In February, news emerged that the EU allocated a €2 billion aid package to Azerbaijan, as it seeks to increase the latter’s export capabilities of its oil and natural gas.

Shortly after securing the aid package from the EU, petrol-rich Azerbaijan then signed an alliance with Russia on February 22. Paragraph 40 of Azerbaijan and Russia’s “Declaration on Allied Interaction” references the duty to protect and preserve the cultural and religious heritage of “national minorities living in the territories of the Parties,” though it is unclear whether these protections would apply to Armenian heritage. A few days earlier, Russia’s second-largest oil producer, Lukoil, increased its stake to 19.99% in Azerbaijan’s Shah Deniz natural gas project. The Trans Adriatic Pipeline, through which the EU seeks to increase its gas imports from non-Russian sources, originates in Azerbaijan’s Shah Deniz II field.

Thus, it is telling that the European Parliament’s resolution rejected the proposal by the Socialists & Democrats Group to “strictly condition” the €2 billion aid package on “Azerbaijan’s respect for its international commitments on human rights, including regarding the preservation and protection of the cultural and historical heritage on the territories under its control.”  

The resolution did, however, call out Azerbaijan as the aggressor. That is a notable departure from numerous false equivalencies and “bothsidesism” rhetoric from other governmental and intergovernmental players, whose statements would have one think that the Holy Savior Ghazanchetsots Cathedral in Shushi (a city recently ethnically cleansed of Armenians for the second time in a century) somehow bombed itself. Twice.

At the time of the European Parliament’s resolution, Azerbaijan had cut off gas (needed for heat, cooking, and hot water) to the remaining 120,000 inhabitants of the Republic of Artsakh, by tampering with a pipeline originating from Armenia but part of which now passes through territory occupied by Azerbaijan. According to the Human Rights Ombudsman of the Republic of Artsakh, Azerbaijani armed forces also opened fire on several Armenian-populated villages on the very day of the resolution’s announcement.

Days later, the gas supply was briefly restored, as United Nations representatives participated in an event in Shushi. It appears that while the UN cannot send an independent mission from UNESCO to assess the cultural heritage in Shushi, its representatives, including Resident Coordinator Vladanka Andreeva can attend an event there to celebrate Azerbaijan under the UN flag.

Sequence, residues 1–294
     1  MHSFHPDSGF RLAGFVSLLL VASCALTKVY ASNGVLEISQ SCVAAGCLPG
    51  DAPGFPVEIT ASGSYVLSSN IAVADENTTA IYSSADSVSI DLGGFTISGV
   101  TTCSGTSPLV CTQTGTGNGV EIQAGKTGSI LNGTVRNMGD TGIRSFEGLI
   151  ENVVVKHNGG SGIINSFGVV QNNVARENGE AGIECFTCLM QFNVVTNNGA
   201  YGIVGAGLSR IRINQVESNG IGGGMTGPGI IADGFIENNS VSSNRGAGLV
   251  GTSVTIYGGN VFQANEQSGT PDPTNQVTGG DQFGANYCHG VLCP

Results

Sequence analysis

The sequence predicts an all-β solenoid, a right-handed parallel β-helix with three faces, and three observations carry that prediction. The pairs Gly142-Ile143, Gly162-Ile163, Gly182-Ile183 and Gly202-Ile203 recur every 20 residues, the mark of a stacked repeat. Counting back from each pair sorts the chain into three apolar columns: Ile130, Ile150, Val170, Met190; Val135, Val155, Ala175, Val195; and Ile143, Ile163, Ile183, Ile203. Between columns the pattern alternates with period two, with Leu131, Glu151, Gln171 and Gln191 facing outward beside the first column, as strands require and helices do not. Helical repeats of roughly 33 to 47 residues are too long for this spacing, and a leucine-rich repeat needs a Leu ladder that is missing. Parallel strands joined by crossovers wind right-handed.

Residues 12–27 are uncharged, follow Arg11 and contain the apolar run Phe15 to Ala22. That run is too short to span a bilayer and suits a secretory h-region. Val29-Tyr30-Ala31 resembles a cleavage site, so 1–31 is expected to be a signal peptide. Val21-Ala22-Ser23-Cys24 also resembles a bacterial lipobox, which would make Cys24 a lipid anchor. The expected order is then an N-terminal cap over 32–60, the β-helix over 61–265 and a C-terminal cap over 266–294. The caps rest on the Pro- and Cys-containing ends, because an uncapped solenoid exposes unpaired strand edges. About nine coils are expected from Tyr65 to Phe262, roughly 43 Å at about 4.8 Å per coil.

In a statement to Hyperallergic, Armenia’s Permanent Representative to the UN Mher Margaryan said of the March 18 ceremony: “We have made it abundantly clear that any visit by the UN representatives to the Nagorno-Karabakh conflict zone must be fully in line with and in support of the mediation efforts towards the peaceful settlement, and that such visits should not serve as an instrument of propaganda that seeks to legitimize attempts to resolve conflict by force.”

“Azerbaijan continues to resort to various forms of violent acts and provocations that seek to disrupt normalcy of life in Nagorno-Karabakh, such as the deliberate disruption of the supply of natural gas amidst severe weather conditions,” Margaryan continued. “Equally disturbing are the attempts to instrumentalize the issue of POWs and detainees, whose captivity Azerbaijan continues to deny, as well as the lack of goodwill to commit to the preservation of cultural heritage and to effectively address anti-Armenian rhetoric — all in defiance of the Provisional Measures issued by the International Court of Justice against Azerbaijan as a matter of urgency on 7 December 2021.”

After the visit, which was dedicated to the 30th anniversary of Azerbaijan’s UN membership, the country reportedly stopped gas to Nagorno-Karabakh, once again, as temperatures dipped below freezing. In the days that followed, the United States Department of State said it was “deeply concerned about the movement of Azerbaijani troops in Nagorno-Karabakh.” France also expressed its concerns and Russia urged Azerbaijan to pull back its troops and observe the ceasefire.

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Yelena Ambartsumian

Yelena Ambartsumian is a New York lawyer and founder of She is a descendant of the Sumbatian princely family, which moved from Artsakh to Baku during the late 19th century.